In Matthew 15:8, Jesus rebuked the scribes and pharisees, quoting the prophet Isaiah, “These people honor me with their lips, but their hearts are far from me” (Isaiah 29:13). In the auxiliary teachings on the Lord’s Prayer, Jesus instructed the disciples to not pray like the hypocrites: the hypocrites “love to pray standing in the synagogues and in the corners of streets, that they may be seen of men” (Matthew 6:5). Jesus criticized the scribes, pharisees, and hypocrites because their worship and prayers were not real, they were not living and fresh.
Christians gather together weekly for worship. We gather to present ourselves before the Lord in the heavenly places. We are commanded to not forsake gathering together, that we might enter into the holiest by the blood of Jesus (Hebrews 10:19, 25). We do not gather for worship in order that we might be seen of men. We do not gather to join together in corporate prayer in order that we might be seen of men. We do not gather to submit to the corporate discipleship of the Word read and preached in order that we might be seen of men. Not at all. Believers routinely and weekly gather together in order that together our hearts might be lifted up to God in heaven. As Paul exhorts believers in Colossians 3:1-3, “If ye then be risen with Christ, seek those things which are above, where Christ sitteth on the right hand of God. Set your affection on things above, not on things on the earth. For ye are dead, and your life is hid with Christ in God.”
In light of Jesus Christ’s rebukes and warnings, we should genuinely be concerned about operating from a state of sinful presumption when we go before the Lord for worship or in prayer. Most believers are aware that when something is dutifully and routinely done there is a temptation to treat it commonly or carelessly. So, whether you are a Christian attending weekly worship, or a Minister leading weekly worship, there is a danger and temptation to fall into the rut of pride, the rut of hypocrisy, or the rut of merely going through the external motions of a liturgical “form”. When that occurs corporate worship becomes common and mechanical, making it ritualistic in the not-fully-biblical sense of ritual, that is, the ex opere operato sense of Christian rituals.
What can ensure that weekly worship remains fresh and not mechanical?
What can ensure that weekly worship remains sincere and zealous and not ritualistic?
The answer is only Jesus Christ.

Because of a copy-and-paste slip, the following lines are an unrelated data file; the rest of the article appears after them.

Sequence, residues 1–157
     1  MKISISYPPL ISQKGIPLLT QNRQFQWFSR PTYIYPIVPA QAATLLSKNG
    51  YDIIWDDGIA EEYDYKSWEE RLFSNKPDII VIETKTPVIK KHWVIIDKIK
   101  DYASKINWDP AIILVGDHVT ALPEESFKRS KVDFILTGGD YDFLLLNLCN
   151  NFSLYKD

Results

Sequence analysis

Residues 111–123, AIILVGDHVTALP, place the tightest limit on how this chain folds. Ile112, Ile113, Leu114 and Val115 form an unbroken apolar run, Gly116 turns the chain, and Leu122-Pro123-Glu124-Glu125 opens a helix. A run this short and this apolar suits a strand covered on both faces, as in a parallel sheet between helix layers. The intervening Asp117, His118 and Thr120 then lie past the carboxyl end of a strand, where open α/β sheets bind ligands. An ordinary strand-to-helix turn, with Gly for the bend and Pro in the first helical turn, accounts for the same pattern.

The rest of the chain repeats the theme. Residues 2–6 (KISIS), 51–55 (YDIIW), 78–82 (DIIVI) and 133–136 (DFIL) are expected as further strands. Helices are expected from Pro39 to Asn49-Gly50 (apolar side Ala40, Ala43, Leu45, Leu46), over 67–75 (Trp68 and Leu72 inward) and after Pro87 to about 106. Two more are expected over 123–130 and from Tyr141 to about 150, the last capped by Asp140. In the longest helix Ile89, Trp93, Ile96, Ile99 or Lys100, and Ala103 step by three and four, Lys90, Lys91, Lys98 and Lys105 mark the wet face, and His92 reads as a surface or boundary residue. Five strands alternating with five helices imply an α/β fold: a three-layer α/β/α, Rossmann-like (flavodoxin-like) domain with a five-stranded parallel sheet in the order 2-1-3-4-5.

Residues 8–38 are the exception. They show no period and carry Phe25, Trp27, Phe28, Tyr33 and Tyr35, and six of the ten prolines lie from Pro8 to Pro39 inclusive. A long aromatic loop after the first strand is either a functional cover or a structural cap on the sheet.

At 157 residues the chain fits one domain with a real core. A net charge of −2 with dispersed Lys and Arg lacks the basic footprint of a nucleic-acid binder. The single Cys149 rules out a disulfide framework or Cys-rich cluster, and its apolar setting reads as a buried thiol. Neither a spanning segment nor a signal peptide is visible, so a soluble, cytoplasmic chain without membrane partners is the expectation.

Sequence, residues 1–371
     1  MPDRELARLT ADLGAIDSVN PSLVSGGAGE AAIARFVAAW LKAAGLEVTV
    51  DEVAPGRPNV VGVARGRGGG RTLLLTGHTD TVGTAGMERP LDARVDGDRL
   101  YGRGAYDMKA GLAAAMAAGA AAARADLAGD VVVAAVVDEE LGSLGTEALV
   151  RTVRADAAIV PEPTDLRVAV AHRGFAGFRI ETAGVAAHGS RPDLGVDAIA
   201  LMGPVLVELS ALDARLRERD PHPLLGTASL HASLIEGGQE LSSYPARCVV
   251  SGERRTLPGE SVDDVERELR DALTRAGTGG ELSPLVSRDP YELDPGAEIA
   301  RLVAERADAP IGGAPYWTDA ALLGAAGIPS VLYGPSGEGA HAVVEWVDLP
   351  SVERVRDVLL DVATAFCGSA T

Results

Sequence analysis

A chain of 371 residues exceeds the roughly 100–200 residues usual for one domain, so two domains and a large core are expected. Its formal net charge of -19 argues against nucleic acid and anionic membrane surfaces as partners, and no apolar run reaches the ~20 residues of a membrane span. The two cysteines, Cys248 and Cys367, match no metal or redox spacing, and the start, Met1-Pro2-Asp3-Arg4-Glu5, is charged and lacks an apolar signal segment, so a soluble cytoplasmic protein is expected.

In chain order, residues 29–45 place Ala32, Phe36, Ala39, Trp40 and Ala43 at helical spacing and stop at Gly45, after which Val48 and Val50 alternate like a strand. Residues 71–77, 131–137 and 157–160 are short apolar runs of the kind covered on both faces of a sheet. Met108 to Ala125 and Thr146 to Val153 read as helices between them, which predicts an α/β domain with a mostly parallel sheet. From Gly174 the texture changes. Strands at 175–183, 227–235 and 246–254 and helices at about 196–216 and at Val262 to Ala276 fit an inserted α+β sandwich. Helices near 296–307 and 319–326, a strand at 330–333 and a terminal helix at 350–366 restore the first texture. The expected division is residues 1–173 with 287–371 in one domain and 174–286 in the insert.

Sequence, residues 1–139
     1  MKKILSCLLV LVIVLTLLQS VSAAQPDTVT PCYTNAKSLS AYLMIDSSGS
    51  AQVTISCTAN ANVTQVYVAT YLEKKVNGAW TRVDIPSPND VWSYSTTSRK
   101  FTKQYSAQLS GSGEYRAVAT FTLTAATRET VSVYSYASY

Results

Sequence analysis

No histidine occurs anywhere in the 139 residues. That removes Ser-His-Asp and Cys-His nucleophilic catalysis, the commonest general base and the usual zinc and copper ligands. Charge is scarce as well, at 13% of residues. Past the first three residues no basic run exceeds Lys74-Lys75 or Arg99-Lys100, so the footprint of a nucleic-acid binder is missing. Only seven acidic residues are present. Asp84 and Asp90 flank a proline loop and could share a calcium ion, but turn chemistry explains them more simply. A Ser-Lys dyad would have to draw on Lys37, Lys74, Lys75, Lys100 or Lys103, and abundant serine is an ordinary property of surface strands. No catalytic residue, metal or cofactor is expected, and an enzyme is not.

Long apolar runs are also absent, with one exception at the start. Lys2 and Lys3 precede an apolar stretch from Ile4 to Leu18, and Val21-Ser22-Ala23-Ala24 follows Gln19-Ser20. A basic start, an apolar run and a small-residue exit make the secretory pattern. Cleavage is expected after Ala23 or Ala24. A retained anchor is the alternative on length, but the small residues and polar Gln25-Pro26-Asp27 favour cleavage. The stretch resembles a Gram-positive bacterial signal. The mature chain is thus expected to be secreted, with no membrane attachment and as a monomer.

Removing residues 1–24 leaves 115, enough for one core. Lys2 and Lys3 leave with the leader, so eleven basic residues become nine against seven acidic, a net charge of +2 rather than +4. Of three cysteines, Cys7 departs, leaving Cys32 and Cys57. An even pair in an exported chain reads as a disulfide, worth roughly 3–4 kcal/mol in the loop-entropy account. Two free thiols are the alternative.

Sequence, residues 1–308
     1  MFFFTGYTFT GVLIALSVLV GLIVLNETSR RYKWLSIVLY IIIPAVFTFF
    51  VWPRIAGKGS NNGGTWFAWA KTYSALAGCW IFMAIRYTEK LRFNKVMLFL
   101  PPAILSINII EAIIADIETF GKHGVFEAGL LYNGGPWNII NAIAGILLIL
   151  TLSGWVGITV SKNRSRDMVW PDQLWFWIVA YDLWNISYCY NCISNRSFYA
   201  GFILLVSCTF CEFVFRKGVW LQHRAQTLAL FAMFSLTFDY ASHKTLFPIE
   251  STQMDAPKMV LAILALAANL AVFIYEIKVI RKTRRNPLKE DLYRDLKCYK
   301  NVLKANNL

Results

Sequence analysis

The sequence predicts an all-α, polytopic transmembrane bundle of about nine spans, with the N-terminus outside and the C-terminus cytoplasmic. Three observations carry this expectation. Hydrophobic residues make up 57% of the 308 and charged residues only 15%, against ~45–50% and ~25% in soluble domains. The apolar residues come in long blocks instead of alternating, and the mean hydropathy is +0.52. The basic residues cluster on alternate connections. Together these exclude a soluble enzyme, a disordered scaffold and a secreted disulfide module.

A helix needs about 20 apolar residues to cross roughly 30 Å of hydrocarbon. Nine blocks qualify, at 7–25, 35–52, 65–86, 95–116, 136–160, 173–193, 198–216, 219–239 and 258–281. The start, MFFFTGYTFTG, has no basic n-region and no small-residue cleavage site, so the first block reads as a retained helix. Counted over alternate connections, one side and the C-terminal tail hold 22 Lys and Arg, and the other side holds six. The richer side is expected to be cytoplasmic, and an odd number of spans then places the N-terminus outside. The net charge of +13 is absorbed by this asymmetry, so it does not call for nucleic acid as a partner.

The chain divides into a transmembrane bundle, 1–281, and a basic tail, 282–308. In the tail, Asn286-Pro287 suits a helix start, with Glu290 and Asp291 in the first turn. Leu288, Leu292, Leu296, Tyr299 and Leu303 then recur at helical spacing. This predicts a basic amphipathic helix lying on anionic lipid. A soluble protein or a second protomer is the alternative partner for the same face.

Jesus Christ, because of his real presence and the work of his mediatorial office, is the only thing that ensures that sinners can truly, not just externally, draw near to God. Regarding the presence of Christ: Genuine worship is only possible through Jesus, that is, by being a worshiper that worships God in spirit and in truth (John 4:24-26). God’s presence through Jesus by the Spirit is what makes the Christian life both fresh and a living, powerful reality (e.g., see Matthew 18:20 and 1 Corinthians 5:4). We can approach God as our Heavenly Father in worship and prayer because we have received and walk in Christ, and have been rooted and built up in Christ (Colossians 2:6-7). And regarding the work of Christ’s mediatorial office: By Word and Spirit the Lord God reveals his will for us, that is, to glorify and enjoy Him forever, and this revelation is only possible because, as the Apostle Paul wrote, “For there is one God, and one mediator between God and men, the man Christ Jesus” (1 Timothy 2:5).
Jesus is the only mediator between God and men: only Jesus makes possible a way to rightly, genuinely, and wholeheartedly worship God. Because Jesus is our mediator, as God, Jesus receives and leads our worship into the heavenly places, where he is seated at the right hand of the Father interceding for us. Real worship is fresh and living because it is worship with and offered through Jesus Christ.
Philippians 2:9-11: Wherefore God also hath highly exalted him, and given him a name which is above every name: That at the name of Jesus every knee should bow, of things in heaven, and things in earth, and things under the earth; And that every tongue should confess that Jesus Christ is Lord, to the glory of God the Father.